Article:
Replacing the Modern Language Textbook with QR Codes: The Advantages

In another blog, I argued how textbooks can be replaced with QR codes.  I think that modern language classroom is an ideal place to replace the textbook with QR codes.

The advantages to QR code -based modern language learning:
– With QR codes, teachers can link  to a comprehensive list of vocabulary for a given topic. The teachers can indicate critical vocabulary and useful vocabulary.  Some  textbooks introduce certain fruits in one unit and, then, more fruit in another unit.  Many textbooks have only a partial list of vocabulary for a topic even when it is the only unit for that topical vocabulary.  Many textbooks do not include verbs, adjectives, and typical sentences when they present the  noun vocabulary list  for a topic. The teachers may link to various language apps that not only illustrate the word but show it in English and the target language.
– With QR codes, foreign language  teachers can link to videos that  introduce and review grammar  in diverse ways.  The educators can have QR codes that link to different types of online grammar practice.  The educators are not limited by the textbook’s manner of presenting or reviewing grammar.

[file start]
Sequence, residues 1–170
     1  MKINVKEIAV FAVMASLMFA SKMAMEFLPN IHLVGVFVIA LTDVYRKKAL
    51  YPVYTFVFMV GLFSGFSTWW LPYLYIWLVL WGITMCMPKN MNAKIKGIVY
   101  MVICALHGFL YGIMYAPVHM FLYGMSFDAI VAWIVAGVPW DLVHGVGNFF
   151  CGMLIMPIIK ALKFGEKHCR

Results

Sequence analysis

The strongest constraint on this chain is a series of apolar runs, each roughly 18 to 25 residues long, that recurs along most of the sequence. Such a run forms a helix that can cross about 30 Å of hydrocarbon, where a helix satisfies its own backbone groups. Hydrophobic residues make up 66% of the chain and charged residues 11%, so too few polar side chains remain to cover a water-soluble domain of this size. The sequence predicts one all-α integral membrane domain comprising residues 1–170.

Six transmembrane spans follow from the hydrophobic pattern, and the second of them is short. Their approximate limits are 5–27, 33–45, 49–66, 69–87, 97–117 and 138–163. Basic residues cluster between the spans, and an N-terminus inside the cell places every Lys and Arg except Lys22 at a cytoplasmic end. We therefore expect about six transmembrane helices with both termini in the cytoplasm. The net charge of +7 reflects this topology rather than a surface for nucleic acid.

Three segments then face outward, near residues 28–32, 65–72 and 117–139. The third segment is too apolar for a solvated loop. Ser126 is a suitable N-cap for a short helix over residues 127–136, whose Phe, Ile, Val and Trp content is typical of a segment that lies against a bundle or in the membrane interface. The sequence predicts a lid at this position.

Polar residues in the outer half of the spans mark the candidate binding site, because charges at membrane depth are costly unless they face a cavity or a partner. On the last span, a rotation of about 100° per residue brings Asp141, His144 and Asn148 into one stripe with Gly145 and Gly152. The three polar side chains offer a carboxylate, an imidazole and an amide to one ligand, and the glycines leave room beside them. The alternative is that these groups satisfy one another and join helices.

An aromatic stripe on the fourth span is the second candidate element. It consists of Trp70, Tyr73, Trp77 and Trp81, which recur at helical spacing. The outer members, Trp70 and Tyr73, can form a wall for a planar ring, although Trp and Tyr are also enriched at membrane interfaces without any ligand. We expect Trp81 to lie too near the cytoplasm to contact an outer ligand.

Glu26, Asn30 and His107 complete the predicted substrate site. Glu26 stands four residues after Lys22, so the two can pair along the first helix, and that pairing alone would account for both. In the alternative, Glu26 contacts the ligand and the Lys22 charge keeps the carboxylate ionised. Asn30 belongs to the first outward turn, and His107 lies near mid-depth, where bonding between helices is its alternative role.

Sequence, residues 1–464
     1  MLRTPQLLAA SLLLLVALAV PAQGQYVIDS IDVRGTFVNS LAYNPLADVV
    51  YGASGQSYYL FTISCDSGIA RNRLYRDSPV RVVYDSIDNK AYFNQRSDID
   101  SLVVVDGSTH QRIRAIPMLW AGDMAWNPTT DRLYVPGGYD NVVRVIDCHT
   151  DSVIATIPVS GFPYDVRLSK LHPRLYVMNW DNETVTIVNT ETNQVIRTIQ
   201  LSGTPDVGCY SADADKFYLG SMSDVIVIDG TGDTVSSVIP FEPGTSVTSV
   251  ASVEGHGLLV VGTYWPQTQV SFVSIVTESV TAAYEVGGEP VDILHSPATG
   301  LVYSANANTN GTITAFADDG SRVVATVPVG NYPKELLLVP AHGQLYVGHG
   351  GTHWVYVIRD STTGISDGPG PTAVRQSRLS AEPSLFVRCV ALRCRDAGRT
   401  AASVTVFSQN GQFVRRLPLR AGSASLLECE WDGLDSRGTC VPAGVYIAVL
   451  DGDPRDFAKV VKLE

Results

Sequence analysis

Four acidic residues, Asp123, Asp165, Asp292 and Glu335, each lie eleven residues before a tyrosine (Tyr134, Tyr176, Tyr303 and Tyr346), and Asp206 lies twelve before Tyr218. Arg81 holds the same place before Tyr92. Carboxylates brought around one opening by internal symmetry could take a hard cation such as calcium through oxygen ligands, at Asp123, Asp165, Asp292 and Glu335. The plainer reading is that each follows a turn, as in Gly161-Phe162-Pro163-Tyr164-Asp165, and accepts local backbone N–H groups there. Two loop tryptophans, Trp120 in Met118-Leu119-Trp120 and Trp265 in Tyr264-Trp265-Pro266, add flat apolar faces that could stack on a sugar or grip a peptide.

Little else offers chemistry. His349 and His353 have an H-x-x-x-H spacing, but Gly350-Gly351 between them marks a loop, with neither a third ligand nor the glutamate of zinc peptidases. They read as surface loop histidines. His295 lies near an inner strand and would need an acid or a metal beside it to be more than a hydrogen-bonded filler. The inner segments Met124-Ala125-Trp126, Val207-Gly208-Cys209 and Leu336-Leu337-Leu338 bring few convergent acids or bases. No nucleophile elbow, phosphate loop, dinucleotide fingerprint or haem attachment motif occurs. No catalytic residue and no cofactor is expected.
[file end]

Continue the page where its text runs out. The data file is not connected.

– With QR codes, modern language  teachers can link to audio or video files of native speakers who are talking about important topics.  Either the teachers or the students can record the native speakers as they talk about such things as family, eating, weekends. These conversations are authentic conversations, not ones designed to teach a particular grammar point.  Likewise the teachers can link to radio or TV shows from the target area.
– With QR codes, foreign language teachers can link to current or past cultural events in the target language country.  Students can learn about the culture as it happens as opposed to waiting for the textbook to possibly cover it in a future unit. The teachers can use QR codes to show what is happening at this very moment in the target language country.
– With QR codes, the modern language teachers can link to  pictures or videos that serve as speaking prompts or the basis for a conversation.  These same pictures or videos can serve as writing prompts.  The teachers select  target language cultural pictures.  For example, students look at a family having a  Sunday picnic in Tijuana, México.
– With QR codes, the foreign language teachers can link to quick formative assessments that students take in just a few minutes to demonstrate their achievement of some learning goal.